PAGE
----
He broke off with a grimace and waved one hand dismissively.
   "Let's not get me started on that. One thing of which we can be unfortunately certain, Honor, is that there'll be plenty of opportunities for me to make you dismally well aware of just how the conservatives have managed to irritate me in your absence."
   "I'm sure," she agreed. "But that brings another point to mind. Certain admirals, including a Manticoran one and your own despicable cousin, have flatly refused to tell me just what the lot of you did with my steading! I'm pretty sure Judah ordered no one else to tell me anything, either, and he doesn't fool me for a minute with that `military personnel shouldn't dabble in matters of state' nonsense! He's grinning too much."
   "He is?" Mayhew raised both eyebrows, then shook his head. "Shocking," he sighed. "Simply shocking! I see I'll have to speak to him quite firmly." Honor glared at him, and he smiled back. "Still, the ins and outs of two-plus years of history aren't something to try to explain in a spaceport lounge, either. Especially not when we have a few other things to take care of before Katherine and Elaine descend upon you and begin planning the planet-wide gala to welcome you home."
   He chuckled at Honor's groan, then nodded to Rice. The major touched his wrist com and murmured something into it, and the Protector took Honor's elbow and began escorting her towards the lounge exit while Rice and Andrew LaFollet trailed quietly along behind them.
   "As I said, Honor, I've restricted the information about your arrival to a very small group, for the moment, at least, but there were a few people here on Grayson who I thought really ought to know immediately."
   "Oh?" Honor eyed him warily.
   "Yes, and— Ah, here they are now!" he observed as the exit doors slid silently open, and Honor stopped dead.
   Seven people appeared in the opening: five with four limbs, and two with six, and all of them seemed to shimmer as her vision hazed with sudden tears. Allison Chou Harrington stood beside her husband, small and elegant and beautiful as ever, and tears gleamed in almond eyes that matched Honor's own as she stared at her daughter. Alfred Harrington towered over her, his face working with emotions so deep and so strong they were almost more than Honor could bear to taste. Howard Clinkscales stood to Allison's left, his fierce, craggy face tight with emotion of his own while he leaned on the silver-headed staff that was the badge of office of Harrington Steading's Regent. Miranda LaFollet stood to his left, cradling the treecat named Farragut in her arms, smiling with her heart naked in her eyes as she saw her Steadholder and her brother at last. And to Alfred's right stood a man with thinning sandy hair and gray eyes, staring at her as if he dared not believe his own eyes. She felt James MacGuiness' towering joy — joy that was only now beginning to overcome his dread that somehow the impossible news of her return was all a mistake — and wrapped about that joy was the dizzying spiral of welcome and jubilation welling up from the slim, dappled shape riding on his shoulder as the treecat named Samantha saw her mate.
   It was all too much. Honor had no defense against the emotions pouring into her from those people who meant so much to her, and she felt her own face begin to crumple at last. Not with sorrow, but with a joy too intense to endure.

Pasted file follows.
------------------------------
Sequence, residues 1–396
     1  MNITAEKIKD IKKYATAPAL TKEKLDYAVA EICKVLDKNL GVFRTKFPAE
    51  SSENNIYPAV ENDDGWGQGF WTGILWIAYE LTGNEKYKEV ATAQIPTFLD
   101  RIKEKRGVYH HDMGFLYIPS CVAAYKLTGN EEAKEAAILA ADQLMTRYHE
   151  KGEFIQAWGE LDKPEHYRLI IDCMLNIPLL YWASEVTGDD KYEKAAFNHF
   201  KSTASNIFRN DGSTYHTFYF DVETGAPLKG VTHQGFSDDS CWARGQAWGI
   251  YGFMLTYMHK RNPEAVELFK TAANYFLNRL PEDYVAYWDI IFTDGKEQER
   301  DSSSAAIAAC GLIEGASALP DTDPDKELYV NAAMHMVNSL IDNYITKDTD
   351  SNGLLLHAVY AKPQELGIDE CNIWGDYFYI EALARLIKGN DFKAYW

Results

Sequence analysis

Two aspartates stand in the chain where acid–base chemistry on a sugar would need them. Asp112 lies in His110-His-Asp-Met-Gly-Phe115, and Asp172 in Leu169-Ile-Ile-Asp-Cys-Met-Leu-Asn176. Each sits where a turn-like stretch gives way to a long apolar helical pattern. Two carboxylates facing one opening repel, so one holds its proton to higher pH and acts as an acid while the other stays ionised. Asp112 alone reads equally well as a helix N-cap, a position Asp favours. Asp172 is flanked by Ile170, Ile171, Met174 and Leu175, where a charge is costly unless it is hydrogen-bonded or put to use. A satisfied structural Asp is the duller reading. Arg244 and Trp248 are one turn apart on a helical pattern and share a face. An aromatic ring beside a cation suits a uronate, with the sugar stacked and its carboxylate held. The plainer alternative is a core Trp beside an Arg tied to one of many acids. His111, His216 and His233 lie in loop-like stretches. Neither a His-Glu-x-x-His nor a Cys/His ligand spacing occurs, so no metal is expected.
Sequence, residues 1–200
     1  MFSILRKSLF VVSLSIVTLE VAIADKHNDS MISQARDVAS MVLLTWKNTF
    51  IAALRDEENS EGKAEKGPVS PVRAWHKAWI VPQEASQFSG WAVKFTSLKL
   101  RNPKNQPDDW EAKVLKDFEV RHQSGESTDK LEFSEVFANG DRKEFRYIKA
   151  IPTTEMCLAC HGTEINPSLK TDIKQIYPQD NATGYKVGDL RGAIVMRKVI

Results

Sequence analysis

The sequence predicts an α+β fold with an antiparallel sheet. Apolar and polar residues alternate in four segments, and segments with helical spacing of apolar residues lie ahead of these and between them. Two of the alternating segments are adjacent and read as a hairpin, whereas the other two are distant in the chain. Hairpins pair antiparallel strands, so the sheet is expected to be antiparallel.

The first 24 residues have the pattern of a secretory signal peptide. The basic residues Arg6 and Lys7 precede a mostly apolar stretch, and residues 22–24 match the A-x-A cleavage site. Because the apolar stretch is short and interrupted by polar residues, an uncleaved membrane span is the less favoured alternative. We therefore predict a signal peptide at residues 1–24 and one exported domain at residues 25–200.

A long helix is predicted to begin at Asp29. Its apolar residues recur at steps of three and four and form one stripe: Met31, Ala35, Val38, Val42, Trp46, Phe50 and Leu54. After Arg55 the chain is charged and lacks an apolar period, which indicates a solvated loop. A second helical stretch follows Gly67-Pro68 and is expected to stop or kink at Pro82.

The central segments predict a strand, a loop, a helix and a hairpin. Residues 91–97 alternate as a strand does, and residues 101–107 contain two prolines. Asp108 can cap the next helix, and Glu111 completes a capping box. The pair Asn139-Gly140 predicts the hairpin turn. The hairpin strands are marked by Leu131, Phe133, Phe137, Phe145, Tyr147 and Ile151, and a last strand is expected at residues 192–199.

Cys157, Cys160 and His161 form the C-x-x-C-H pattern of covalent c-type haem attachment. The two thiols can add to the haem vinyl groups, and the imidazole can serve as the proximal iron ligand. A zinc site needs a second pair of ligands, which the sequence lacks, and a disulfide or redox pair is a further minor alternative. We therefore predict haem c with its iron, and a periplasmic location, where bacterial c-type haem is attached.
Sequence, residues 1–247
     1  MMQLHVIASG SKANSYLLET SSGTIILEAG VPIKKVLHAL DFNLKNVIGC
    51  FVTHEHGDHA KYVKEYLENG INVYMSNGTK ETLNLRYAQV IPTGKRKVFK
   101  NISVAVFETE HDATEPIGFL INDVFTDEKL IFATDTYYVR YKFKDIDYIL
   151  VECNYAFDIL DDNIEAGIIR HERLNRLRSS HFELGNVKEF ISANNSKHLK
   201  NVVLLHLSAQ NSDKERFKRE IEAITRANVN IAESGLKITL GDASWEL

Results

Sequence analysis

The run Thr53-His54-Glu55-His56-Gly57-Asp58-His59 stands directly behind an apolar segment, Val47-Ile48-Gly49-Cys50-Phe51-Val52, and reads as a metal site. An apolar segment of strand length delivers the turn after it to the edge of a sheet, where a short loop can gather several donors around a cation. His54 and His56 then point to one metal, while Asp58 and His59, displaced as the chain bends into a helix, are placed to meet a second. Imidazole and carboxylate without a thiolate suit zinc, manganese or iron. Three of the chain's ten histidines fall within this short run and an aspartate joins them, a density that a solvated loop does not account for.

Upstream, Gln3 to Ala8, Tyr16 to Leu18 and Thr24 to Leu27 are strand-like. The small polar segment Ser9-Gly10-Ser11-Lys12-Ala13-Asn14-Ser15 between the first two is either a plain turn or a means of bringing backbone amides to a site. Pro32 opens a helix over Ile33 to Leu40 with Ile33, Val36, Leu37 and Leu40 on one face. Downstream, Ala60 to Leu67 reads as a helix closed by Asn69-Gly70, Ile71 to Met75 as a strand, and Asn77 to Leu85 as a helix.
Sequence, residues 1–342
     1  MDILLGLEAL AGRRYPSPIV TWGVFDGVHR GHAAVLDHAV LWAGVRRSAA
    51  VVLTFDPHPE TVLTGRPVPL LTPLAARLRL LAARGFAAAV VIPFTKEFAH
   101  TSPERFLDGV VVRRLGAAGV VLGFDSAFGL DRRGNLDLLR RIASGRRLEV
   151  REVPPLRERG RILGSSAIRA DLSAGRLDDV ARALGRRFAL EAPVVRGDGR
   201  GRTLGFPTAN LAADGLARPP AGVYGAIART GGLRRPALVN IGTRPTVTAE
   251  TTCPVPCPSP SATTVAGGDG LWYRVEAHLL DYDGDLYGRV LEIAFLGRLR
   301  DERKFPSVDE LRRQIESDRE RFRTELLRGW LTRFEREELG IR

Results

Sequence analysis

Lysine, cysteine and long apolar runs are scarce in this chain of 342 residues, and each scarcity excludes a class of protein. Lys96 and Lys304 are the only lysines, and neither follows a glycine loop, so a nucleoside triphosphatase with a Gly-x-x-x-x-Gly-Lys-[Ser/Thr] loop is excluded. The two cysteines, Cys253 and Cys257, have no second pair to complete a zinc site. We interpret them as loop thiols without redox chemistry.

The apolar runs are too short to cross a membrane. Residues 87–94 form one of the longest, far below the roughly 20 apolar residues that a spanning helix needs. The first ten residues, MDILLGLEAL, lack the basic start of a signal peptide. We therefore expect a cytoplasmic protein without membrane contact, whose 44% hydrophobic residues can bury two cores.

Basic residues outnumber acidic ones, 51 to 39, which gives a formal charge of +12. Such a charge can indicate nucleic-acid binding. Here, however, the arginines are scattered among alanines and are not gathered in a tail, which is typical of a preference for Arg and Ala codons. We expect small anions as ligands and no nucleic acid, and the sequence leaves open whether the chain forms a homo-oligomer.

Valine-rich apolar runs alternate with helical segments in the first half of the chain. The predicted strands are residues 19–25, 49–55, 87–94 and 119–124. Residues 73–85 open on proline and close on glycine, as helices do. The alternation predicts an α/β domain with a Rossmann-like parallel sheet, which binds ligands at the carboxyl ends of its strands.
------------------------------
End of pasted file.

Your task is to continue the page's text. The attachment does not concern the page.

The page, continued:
He did it on purpose, she thought, somewhere down deep under the whirlwind of her own emotions. Benjamin knows about my link with Nimitz, and he deliberately saw to it that I could meet them with no one else present. No one to see me lose it completely.
   And then there was no more room for thought. Not coherent ones, anyway. She was fifty-four T-years old, and that didn't matter at all as she stepped away from Benjamin Mayhew, holding out her arm to her mother through her blinding haze of tears.
   "Momma?" she half-whispered, her soprano hoarse, and she tasted salt on her lips as her parents came towards her. "Daddy? I—"
   Her voice broke completely, and that didn't matter, either. Nothing in the universe mattered as her father reached her and the arms which had always been there for her went about her. She felt the crushing strength of Sphinx in them, yet they closed around her with infinite gentleness, and her visored cap tumbled to the floor as her father pressed his face into her hair. Then her mother was there, as well, hugging her and burrowing her way into the embrace Alfred had widened to enfold them both, and for just a moment, Honor Harrington could stop being a steadholder and a naval officer. She could be simply their daughter, restored to them by some miracle they did not yet understand, and she clung to them even more tightly than they clung to her.
   She never knew how long they stood there. Some things are too intense, too important, to slice up into seconds and minutes, and this was one of them. It was a time that lasted as long as it had to last, but finally she felt her tears ease and she drew a deep, deep breath and pushed back in her father's arms to stare mistily up at his face.
   "I'm home," she said simply, and he nodded.
   "I know you are, baby." His deep voice was frayed and unsteady, but his eyes glowed. "I know you are."
   "We both know," Allison said, and Honor gave a watery giggle as her mother produced a tiny handkerchief and, in the manner of mothers since time immemorial, began briskly wiping her daughter's face. She was barely two-thirds Honor's height, and Honor was fairly sure they must look thoroughly ridiculous, but that was fine with her, and she looked across her mother's head at Clinkscales.